May 11, 1911, Maryville Democrat Forum:
A Pioneer's Story
I shall endeavor to the best of my ability to give a short history of the early settlement of Maryville and Nodaway County. My observation reaches back only to the 15th day of May, 1865. On arriving in St. Louis at an earlier date, I took the train on what was then called the Hannibal & St. Joseph railroad that being the only railroad leading to St. Joseph at that time. It was what we would call a mixed train, as near as I can remember. There were five freight cars and four passenger coaches, and a poor makeshift at that.
There were but little accomodations on the road; the emigration had not yet started for the west and the roadbed was in a horrible condition. As you are aware, it was just at the close of the contest (Civil War) which had waged for four long years. Each had contested for the supremacy of every foot of ground within the great state of commonwealth of Missouri.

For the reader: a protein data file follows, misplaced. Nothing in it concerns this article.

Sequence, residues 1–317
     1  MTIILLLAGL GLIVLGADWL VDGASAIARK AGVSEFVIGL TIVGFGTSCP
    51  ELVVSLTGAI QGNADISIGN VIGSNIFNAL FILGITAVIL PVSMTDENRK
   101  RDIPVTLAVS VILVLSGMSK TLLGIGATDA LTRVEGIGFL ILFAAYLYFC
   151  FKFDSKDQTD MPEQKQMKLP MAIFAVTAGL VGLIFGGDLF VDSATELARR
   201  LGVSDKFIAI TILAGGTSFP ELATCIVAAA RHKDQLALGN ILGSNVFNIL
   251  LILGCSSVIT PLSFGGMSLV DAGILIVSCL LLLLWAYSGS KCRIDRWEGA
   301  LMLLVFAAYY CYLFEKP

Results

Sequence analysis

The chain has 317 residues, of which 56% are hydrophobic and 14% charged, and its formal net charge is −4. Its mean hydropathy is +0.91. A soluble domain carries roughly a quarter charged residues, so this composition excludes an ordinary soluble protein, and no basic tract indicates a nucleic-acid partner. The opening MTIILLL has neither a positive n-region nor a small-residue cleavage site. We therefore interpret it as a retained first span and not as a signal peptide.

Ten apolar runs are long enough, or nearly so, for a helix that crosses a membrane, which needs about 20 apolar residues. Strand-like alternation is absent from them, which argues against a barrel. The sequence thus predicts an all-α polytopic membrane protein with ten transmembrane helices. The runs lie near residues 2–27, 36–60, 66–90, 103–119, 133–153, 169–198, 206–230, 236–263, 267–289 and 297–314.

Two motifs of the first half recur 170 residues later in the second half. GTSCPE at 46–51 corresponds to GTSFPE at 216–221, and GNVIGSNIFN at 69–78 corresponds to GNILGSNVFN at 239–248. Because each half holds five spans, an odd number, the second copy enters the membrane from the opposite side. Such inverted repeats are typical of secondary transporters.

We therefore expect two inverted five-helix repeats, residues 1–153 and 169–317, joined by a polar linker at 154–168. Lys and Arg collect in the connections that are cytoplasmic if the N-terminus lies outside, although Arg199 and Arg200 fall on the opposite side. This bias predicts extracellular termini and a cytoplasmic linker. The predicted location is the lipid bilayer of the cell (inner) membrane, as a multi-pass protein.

It seemed to me that the Confederates had an especial grudge against the old Hannibal road. People living in that age will bear in mind that railroads, ships, and steamboats were propelled by steam made from burning wood instead of coal as now. The road ran almost exclusively through wooded country. The wood was cut from timber, hauled and corded along the right-of-way of both sides of the road and when the engineer needed wood he would stop the train and fill the tender, and in order to make but little delay we would volunteer to carry the wood to the tender. It seemed to me that many miles of cordwood had been burned but had been hastily replaced. All of those long racks of wood were guarded by squads of men to keep the bushwhackers which infested that region from carrying on their nefarious work. Nearly every bridge and culvert on the road seemed to have been destroyed and hastily and only temporarily replaced. The cars ran so slow at times that I could walk behind on the ties and keep up with the train. I think it took us two days and one night to reach St. Joseph.